As with Tara, the surrounding landscape consists of a rich archaeological heritage.
Eminent Archaeologist Prof George Eogan has stated that “Bremore may have been the first point of entry for the settlements of what is now known as Fingal/East Meath and the Boyne Valley area”.
According to Dr. Mark Clinton of An Taisce ” the two cemetery complexes must be considered within the greater context of other passage tombs nearby at Knowth, Dowth and Newgrange”, and also that ” it would be more appropriate that the World Heritage site of Brú na Bóinne be extended to include the Bremore- Gormanstown complexes rather than Drogheda Port extended to include them. In terms of archaeological importance Bremore is comparable with Tara: Tara started with a passage tomb known as The Mound of the Hostages and developed over different periods: likewise the Bremore tombs would appear to be the start of Brú na Bóinne. The parallel is clear- no Mound of the Hostages no Tara: no Bremore no Newgrange”
Prof Cooney of UCD also had this to say; “ There is agreement across the archaeological community that if they were bulldozed it would be a national loss given the number of sites we know, the potential significance of them and the fact there’s a complex of them”.
Joe Fenwick, Dept of Archaeology NUI Galway told the Save Bremore group that “In terms of archaeological importance the passage tomb cemetery at Bremore can be compared with The Mound of the Hostages; one of the earliest monuments to have been built on the Hill of Tara’
The Save Bremore group invite you to join our campaign .
Carmel Diviney 0876100771
Brendan Mathews 0857077678
The Cove in winter. Image credit Littlestone
Circles in Time: Photo competition to mark the turning of the year at Avebury.
Anti-lovers walk: 14 February, 10.30am – 12.30pm.
Discover the Avebury Landscape: 18 February, 10.30am – 1pm.
Photo courtesy PDPhoto.org
by Littlestone. Heritage Action.
“A coach penetrating deep into the sacred heart of the Avebury complex, never right!”
Image credit Arcturus
The Diamond Stone (or Swindon Stone) in the corner of the north-west sector of the Avebury Henge is thought to be one of the few stones in the Avebury complex that has never fallen or been moved. In other words this massive megalith, which is some four metres high, three metres wide and over a metre thick (and estimated to weigh nearly fifty tons!) has stood in its present position since it was first erected there some four thousand years ago.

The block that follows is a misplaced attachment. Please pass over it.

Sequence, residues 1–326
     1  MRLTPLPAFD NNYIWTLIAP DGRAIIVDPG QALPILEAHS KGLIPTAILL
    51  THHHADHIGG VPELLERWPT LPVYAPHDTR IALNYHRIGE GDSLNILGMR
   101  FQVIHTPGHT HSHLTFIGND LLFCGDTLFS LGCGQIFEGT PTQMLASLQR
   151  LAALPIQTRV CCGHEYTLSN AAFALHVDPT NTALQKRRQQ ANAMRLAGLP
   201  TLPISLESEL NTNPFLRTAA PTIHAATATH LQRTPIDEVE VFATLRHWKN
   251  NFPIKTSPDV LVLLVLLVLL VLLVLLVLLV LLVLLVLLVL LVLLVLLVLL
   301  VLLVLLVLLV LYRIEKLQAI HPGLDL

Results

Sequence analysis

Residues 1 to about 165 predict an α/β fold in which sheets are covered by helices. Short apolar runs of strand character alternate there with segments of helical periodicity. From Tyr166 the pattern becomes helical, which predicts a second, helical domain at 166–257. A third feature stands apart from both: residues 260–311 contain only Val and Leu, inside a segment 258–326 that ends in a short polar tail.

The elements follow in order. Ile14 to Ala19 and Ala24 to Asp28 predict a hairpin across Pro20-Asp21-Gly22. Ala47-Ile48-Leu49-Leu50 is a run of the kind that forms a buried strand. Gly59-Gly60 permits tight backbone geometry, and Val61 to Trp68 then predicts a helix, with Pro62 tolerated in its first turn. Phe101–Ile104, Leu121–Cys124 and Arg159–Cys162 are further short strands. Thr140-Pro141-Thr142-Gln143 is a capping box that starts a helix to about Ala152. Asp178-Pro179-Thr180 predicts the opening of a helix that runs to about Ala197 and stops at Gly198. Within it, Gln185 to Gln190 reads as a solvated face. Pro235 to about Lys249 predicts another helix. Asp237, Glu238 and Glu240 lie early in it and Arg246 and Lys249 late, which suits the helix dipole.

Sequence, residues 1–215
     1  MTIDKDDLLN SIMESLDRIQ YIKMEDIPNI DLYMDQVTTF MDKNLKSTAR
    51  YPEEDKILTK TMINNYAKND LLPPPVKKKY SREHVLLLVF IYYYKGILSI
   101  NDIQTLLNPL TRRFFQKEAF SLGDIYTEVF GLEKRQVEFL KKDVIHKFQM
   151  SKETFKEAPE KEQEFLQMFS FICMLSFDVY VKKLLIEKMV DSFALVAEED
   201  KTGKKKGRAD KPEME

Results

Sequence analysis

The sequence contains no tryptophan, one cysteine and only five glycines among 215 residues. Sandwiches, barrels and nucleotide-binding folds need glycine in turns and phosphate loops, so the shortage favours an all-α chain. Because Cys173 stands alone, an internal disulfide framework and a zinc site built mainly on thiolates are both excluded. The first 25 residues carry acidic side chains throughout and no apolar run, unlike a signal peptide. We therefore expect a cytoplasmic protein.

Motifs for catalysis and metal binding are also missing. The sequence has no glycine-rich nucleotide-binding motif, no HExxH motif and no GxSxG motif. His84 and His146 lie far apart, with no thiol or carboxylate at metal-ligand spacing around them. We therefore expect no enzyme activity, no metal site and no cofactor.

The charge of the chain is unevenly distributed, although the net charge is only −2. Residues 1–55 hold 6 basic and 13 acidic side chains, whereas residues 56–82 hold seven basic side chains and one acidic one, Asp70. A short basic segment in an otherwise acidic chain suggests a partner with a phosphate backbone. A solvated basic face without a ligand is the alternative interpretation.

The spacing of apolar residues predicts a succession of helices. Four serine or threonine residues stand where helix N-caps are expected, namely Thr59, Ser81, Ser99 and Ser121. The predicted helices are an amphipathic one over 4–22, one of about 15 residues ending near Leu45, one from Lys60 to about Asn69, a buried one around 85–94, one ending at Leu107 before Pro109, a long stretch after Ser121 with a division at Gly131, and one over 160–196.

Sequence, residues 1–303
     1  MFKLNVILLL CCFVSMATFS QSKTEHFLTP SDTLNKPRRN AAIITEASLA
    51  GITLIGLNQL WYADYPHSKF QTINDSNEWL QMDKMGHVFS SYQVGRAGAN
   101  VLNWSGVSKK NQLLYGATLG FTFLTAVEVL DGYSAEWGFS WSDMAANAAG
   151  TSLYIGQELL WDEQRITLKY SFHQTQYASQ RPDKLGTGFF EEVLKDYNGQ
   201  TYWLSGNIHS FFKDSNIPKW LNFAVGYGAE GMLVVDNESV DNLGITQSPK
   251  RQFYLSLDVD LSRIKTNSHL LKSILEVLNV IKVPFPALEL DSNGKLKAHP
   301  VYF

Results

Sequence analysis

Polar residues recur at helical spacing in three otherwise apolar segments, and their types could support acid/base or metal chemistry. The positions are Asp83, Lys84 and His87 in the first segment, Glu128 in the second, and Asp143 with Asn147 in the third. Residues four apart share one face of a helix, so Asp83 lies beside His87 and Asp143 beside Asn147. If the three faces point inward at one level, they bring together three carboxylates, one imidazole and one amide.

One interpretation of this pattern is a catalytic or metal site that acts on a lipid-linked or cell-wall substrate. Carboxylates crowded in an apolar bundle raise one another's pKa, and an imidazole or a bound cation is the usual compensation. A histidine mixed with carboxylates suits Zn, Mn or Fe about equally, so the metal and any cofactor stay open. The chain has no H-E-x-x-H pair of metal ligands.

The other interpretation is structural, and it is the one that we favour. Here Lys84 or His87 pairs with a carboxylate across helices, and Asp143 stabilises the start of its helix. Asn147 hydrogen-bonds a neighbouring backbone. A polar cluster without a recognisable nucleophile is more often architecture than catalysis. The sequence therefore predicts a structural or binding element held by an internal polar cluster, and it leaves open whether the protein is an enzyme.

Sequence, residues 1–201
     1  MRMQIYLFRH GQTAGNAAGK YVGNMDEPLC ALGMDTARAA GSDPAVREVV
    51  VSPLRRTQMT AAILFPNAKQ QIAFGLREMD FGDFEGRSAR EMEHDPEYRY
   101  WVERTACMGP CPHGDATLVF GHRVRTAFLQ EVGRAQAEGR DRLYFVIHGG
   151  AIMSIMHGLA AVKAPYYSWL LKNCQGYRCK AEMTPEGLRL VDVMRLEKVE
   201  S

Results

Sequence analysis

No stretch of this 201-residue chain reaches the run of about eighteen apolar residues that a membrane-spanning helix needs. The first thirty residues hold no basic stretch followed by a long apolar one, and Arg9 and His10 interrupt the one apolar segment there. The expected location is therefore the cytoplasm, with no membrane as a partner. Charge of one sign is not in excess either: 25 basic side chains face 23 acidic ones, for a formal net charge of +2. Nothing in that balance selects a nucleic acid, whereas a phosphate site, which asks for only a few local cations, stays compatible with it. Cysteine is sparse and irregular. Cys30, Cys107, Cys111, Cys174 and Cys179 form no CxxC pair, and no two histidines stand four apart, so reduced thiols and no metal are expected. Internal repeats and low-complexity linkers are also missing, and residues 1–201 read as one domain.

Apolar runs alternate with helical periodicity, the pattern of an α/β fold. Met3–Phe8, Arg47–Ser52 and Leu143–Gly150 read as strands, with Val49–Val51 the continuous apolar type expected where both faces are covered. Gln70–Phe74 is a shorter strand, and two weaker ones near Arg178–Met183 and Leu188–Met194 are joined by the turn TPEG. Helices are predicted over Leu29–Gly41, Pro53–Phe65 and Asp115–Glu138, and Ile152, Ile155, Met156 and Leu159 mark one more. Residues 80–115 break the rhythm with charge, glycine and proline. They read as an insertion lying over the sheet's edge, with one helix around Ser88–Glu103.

The Diamond Stone (fourth stone at top closest to road) as recorded by William Stukeley in his 1724 Groundplot of Avebury
But for how much longer will this ‘diamond’ from our megalithic past remain unmoved, let alone undamaged? The Diamond Stone sits perilously close to the Swindon-bound A4361 that runs through Avebury, indeed one corner of the stone hangs over the fence between the grass verge and the road itself and is subject to constant (and during the morning and evening rush hours heavy) vibration from passing traffic. It is astonishing that the local authorities have only recently introduce a 30 mile an hour speed limit through Avebury but is this enough to reduce vibration to the stone let alone minimize damage to it should it be hit by a passing car, bus or heavy goods vehicle?
The Diamond Stone at the edge of the Swindon-bound A4361. Image credit Moss
Surely the answer is to narrow the road at this point (increasing the grass verge nearest the megalith) and install road signs with alternating priority arrows. This would have the effect of distancing the stone from the road, reducing vibration to it by limiting the speed of traffic passing by, and would also have the added benefit of making the road safer for people crossing between the north-west and north-east sectors of the Henge. This is not rocket science; road signs with red and black arrows indicating priority are found all over the country so why not here? With a little imaginative planning two simple electronic road signs could be installed and programmed to change their priority with the flow of traffic during the morning and evening rush hours.
There has been an appalling amount of destruction of, and damage to, the Avebury megaliths over recent centuries, and the Diamond Stone is sadly yet another tragedy waiting to happen there – let’s act now to protect this monument from our ancient past from similar damage before it is too late!